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How to move a hive of bees

Photo of a honey bee on our rambling rector rose

Honey bee on Rosa Rambling Rector

At lunch time I stood and worked out the logistics of moving our new colony. It’s sitting on top of the old colony at the moment. The flights of the worker bees distracted me and I watched them flying in and out of the hive.

Imagine the biggest airport in the world and then multiply it by 100. Without the help of Air Traffic Controllers, groups of bees are taking off and landing constantly. There are no mid air collisions even when there are new worker bees bobbing up and down in front of the hive.

This first flight of worker bees is called their orientation flight. Testing out the aeroplane, so to speak, and practicing take off and landing. It always makes me sad to think that these bees will be dead within a matter of weeks. They work so hard.

By the time this happens, new bees will have moved up the ranks to replace them. In her prime a Queen can lay up to 2,000 eggs a day. At the height of the summer the hive will contain about 50,000 – 70,000 bees.

The queen bee can live for two or three years but honey bee workers only live for six weeks in the summer. They start as cleaners, preparing the vacated brood cells for the Queen. to lay fresh eggs. After 4 days the worker bees feed the older larvae with honey and pollen. They progress to feeding young larvae a few days later.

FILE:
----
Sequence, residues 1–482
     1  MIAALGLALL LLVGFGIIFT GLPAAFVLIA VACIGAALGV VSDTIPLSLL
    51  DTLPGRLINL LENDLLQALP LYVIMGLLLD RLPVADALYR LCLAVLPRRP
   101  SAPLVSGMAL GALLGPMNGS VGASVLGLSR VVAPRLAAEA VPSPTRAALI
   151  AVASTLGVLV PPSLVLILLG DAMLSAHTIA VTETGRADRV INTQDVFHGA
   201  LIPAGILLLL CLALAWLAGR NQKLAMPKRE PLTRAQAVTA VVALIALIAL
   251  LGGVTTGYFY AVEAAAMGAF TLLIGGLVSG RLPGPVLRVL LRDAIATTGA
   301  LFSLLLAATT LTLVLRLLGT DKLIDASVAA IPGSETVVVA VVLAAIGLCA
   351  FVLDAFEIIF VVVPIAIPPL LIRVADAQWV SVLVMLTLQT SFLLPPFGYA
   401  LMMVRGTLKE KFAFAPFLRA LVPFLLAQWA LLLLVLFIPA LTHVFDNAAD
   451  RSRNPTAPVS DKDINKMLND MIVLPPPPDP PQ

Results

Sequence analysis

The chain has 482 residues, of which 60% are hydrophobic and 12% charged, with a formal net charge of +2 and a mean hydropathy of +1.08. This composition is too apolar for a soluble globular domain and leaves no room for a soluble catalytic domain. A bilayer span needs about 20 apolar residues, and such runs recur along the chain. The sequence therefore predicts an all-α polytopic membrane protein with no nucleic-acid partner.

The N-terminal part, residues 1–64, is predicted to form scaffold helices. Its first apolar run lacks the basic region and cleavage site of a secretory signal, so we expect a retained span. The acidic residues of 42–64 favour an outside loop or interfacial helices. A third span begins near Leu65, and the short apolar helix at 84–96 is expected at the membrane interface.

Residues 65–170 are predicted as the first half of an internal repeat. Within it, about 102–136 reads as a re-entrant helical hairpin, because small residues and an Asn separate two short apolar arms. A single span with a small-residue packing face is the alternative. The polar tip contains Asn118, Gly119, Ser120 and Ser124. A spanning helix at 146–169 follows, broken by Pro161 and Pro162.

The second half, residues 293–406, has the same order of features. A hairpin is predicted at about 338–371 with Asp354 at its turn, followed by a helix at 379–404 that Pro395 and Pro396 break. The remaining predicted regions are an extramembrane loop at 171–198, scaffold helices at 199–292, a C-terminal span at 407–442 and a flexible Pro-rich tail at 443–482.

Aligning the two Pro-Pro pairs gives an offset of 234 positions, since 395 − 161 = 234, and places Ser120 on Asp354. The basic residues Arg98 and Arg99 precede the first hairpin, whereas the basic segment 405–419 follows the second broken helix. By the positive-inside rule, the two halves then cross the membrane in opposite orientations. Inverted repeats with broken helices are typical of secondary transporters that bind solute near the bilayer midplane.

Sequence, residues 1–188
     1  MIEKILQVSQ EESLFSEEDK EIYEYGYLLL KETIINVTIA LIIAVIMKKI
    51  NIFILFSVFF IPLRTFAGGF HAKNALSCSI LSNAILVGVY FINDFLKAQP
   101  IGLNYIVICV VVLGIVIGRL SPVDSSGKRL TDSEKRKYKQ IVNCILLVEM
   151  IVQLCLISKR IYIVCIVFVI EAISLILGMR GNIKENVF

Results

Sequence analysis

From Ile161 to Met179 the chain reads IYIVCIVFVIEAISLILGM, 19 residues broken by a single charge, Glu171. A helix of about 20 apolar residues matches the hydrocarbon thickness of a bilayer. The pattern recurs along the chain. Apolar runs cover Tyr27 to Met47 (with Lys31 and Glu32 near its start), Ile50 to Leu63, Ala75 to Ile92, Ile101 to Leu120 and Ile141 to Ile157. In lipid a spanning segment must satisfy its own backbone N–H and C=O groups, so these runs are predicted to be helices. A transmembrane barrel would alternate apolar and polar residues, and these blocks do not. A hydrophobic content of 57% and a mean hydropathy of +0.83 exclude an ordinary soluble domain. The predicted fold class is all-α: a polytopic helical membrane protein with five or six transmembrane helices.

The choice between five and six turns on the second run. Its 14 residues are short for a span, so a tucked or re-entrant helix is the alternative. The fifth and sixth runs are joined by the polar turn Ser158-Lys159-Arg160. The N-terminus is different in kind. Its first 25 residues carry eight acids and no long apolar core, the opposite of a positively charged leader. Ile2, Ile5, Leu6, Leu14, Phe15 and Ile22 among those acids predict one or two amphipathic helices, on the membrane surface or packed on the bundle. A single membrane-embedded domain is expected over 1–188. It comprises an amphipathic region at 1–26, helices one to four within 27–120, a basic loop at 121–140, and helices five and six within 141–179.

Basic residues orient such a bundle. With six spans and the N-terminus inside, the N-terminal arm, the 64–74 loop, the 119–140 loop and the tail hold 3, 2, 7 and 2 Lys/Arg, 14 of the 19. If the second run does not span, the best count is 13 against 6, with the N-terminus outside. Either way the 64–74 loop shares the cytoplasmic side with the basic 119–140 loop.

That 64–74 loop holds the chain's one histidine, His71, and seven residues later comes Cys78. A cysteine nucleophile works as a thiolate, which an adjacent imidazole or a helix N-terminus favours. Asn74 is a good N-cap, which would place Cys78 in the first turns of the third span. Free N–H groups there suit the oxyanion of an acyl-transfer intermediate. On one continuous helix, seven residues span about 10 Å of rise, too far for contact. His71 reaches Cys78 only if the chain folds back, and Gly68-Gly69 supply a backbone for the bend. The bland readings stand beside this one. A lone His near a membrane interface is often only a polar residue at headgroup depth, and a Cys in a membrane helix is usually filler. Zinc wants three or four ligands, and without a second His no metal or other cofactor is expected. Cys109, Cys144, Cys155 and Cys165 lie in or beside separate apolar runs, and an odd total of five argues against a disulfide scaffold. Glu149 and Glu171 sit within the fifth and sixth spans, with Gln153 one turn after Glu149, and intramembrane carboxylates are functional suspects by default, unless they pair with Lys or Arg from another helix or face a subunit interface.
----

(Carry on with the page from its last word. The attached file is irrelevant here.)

After two weeks they are processing the nectar into honey by evaporating the water. They are also making wax and packing the pollen that is brought in by the foraging workers. At 19 days they become guards and begin to make orientation flights to establish the routes back to the hive.

Within three weeks they are out foraging. Eventually they die out in the fields when their wings simply wear out. That’s why winter bees can live for several months. They don’t fly about so much.

We chose the spot for our bee hive with great care, as moving a hive can be a bit of a palaver. Bees need a reasonable flight path to the entrance of the hive that does not cross over busy paths or where you sit in the garden. Early morning sun is a good idea as it will warm the hive and get the bees up and out. Some afternoon shade is beneficial, so they don’t waste too much energy fanning to keep cool in the summer.

We divided the colony using the Snelgrove board and this is the final week that the two colonies will live on top of each other. The colony with the old queen is at the bottom of the tower. Their entrance is the normal front door at the front of the hive.

The new colony living at the top have their entrance door at the back of the hive. This arrangement makes it easier for the bees to differentiate which colony they belong to.